None of the beers is filtered; the brewery was established as something of a working antique, though compromises have had to be made. I was sorry to see the open cooler had been abandoned as just too awkward. Wood was still being used for fermentation, but not for lagering.


The Altstadthof is in a courtyard dating from at least the 1600s, near the Tiergartner Tor, a gate in the city wall. Under the brewery is a cellar bar called Schmelztiegel (Melting Pot).


The Altstadthof is in a courtyard dating from at least the 1600s, near the Tiergartner Tor, a gate in the city wall. Under the brewery is a cellar bar called Schmelztiegel (Melting Pot).

Beneath that are galleries of cellars dating from the 1300s cut into the red sandstone. These accommodated ice and casks of lagering beer in the days when every tavern in the town made its own beer. In World War II, they accommodated shelters, command posts and art treasures. Now, they can be visited by tourists.

The Altstadhof Brewery was set up in 1983/4, and was one of the first new-generation micros in Germany.

"I wanted to put a brewery on a historic site," I was told by owner Franz Ehrnsperger, who also runs the Lammsbrau Brewery, in Neumarkt, 25-30 miles south-east.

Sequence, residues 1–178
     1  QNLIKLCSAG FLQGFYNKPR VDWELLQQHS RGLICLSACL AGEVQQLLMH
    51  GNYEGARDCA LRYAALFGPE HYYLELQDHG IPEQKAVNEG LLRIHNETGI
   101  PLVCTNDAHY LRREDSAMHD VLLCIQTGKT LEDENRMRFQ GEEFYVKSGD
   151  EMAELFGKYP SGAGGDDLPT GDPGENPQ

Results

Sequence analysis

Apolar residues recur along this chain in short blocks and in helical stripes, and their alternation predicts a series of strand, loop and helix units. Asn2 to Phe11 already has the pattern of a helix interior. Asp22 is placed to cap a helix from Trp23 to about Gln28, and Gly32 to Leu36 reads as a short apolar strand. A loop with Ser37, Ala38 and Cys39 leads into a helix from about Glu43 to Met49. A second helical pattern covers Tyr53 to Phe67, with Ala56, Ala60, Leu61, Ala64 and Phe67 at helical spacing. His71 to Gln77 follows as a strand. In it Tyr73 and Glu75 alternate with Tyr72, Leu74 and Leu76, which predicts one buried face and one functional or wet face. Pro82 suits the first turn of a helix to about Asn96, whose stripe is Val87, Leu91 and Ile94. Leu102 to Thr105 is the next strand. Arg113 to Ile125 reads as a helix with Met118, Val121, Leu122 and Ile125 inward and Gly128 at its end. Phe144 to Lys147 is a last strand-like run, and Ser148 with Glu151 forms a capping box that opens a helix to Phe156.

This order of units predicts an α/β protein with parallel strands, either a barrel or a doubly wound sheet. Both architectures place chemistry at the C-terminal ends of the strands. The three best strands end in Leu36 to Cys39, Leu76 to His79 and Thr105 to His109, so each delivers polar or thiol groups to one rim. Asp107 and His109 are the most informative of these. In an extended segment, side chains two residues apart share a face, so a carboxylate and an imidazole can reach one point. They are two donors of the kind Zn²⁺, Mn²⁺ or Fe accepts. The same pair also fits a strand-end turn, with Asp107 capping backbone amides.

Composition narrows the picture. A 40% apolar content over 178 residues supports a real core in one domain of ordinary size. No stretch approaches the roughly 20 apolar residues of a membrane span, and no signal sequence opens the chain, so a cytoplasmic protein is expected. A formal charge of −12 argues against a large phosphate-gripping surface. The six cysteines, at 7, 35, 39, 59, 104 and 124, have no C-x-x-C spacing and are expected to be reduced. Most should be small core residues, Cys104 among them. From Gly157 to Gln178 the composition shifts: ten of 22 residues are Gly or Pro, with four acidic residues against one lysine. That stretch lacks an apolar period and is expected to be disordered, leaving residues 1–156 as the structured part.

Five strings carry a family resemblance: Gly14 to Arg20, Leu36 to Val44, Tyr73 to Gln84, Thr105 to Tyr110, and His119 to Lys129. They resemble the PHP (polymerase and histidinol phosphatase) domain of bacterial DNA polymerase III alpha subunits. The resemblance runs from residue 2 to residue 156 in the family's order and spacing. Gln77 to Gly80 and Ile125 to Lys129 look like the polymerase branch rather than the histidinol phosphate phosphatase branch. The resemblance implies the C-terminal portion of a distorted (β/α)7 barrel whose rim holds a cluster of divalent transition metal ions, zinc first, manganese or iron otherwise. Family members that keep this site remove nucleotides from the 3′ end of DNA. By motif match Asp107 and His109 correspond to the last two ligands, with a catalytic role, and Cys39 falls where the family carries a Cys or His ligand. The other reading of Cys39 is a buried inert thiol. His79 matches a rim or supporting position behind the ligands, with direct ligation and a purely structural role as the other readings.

At the time he set up Altstadthof, Dr Ehrnsperger was approaching the point where he would succeed his father at Lammsbrau, which the family have owned since 1800. That brewery dates from at least 1628.

Neumarkt, in a wooded valley, is known for the Eberhard-Faber pencil factory, but it also has three breweries. The Ehrnspergers efforts to make the best beer in town have been based on using organic barley and hops. This began in 1980, when Franz was a partner with his father.

Franz argues that the pure beer of the Reinheitsgebot must begin with the farmer, no artificial fertilisers, herbicides or fungicides. He believes organic malt is cleaner tasting and the hops more aromatic. A hundred farmers were persuaded to grow barley on a crop-rotation basis, and five to cultivate hops organically.